She nags, he ignores, she explodes. It’s a male-female relationship dynamic that’s almost universal, and I recently watched it play out between 2 partners on The Amazing Race. I tracked down contestant Hayley Keel to talk about what went down, and why nagging isn’t always the problem.

Ever watch TV with your spouse, and see a couple that’s just like you? You watch the scene unfold, both thinking “that is so us,” and then at the end of it, look at each other and smile?

It just happened while my husband and I were watching The Amazing Race a few weeks ago.

I’d already seen a lot of myself in one of the competitors: Hayley Keel, a nurse from Florida. She’s a competitive, outgoing blonde with a sugary sweet personality, who seems to be able to get herself out of any situation, all while looking cute and remaining totally likable.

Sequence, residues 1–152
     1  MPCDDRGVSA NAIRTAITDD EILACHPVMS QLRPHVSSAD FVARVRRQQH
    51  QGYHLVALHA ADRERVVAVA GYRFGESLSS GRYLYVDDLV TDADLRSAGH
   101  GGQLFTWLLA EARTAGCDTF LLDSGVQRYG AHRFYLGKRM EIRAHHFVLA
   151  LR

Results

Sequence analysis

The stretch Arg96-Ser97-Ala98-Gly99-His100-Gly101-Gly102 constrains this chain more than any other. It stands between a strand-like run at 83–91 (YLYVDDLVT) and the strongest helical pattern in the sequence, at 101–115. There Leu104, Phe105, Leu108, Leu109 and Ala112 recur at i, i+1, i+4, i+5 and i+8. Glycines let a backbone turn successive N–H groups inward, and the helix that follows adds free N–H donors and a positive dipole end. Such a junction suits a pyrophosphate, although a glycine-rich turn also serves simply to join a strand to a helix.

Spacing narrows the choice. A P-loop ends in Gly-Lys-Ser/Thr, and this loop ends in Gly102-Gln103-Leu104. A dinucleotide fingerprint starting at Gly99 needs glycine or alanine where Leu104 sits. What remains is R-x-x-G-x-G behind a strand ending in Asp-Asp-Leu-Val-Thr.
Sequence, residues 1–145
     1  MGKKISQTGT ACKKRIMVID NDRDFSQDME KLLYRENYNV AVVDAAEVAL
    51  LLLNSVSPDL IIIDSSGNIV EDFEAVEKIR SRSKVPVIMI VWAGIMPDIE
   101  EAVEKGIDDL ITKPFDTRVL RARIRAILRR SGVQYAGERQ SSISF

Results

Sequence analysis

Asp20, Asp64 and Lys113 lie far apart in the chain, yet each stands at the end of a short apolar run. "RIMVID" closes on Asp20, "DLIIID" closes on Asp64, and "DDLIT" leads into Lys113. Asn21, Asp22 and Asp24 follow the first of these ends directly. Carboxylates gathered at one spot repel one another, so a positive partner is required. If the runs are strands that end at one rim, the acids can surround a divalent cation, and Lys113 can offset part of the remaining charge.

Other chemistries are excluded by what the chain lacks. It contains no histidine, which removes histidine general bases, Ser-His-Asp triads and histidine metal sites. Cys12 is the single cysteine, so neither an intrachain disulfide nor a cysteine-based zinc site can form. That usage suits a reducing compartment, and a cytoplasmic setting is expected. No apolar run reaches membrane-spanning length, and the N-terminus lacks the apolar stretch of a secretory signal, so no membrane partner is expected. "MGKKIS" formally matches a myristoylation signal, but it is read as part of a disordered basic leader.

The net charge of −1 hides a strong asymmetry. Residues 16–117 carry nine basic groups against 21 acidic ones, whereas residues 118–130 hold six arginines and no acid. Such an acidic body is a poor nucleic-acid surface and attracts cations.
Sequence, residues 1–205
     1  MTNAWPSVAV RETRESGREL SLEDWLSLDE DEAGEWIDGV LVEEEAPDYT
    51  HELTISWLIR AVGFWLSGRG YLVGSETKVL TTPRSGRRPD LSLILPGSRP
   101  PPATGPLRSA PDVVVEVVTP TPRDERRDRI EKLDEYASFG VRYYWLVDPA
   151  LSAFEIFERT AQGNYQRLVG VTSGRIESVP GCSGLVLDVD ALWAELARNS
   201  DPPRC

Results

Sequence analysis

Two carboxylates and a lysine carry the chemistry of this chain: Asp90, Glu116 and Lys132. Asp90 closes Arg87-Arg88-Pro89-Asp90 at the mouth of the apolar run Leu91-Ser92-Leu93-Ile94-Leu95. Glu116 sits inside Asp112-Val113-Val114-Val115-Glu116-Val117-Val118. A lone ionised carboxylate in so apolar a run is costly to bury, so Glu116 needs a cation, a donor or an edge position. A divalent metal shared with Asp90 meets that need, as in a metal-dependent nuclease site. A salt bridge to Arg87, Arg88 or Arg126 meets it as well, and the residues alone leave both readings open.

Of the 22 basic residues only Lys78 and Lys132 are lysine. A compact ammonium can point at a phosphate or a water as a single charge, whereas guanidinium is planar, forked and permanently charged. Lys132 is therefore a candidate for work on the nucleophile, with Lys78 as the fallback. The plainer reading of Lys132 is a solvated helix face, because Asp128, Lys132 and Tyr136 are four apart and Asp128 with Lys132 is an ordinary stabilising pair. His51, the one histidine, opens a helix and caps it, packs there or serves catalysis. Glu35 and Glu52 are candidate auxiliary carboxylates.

But those aren’t the qualities I see in myself.

She is also totally underestimated. Because of her looks and sweet demeanor, the other competitors, and even her own partner, often seemed to count her out of each challenge. She was discounted, and written off.

It’s an odd parallel, but sometimes, that’s exactly how I feel as a stay-at-home mom, when I’m out in public with my kids. I know that strangers don’t see that I’m smart and sophisticated, that I graduated college, and that I had a job in one of the most competitive industries in the worldAll they see is a frazzled mom, in yoga pants and a greasy ponytail, struggling to contain her 2 toddlers in the return line at Target.

They count me out.

She doesn’t have it together. She’s not a threat.

But oh, you’re sooooo wrong. There is so much more to her.

Why Your Nagging Isn't the Problem

The frustration between Hayley and her partner, Blair Townsend, who’s a doctor she’d just met on the first leg of the show, had been simmering under the surface for a few episodes. (This season, for the first time, half the teams on the show were actual blind dates, so the couples didn’t know each other before the first leg of race.)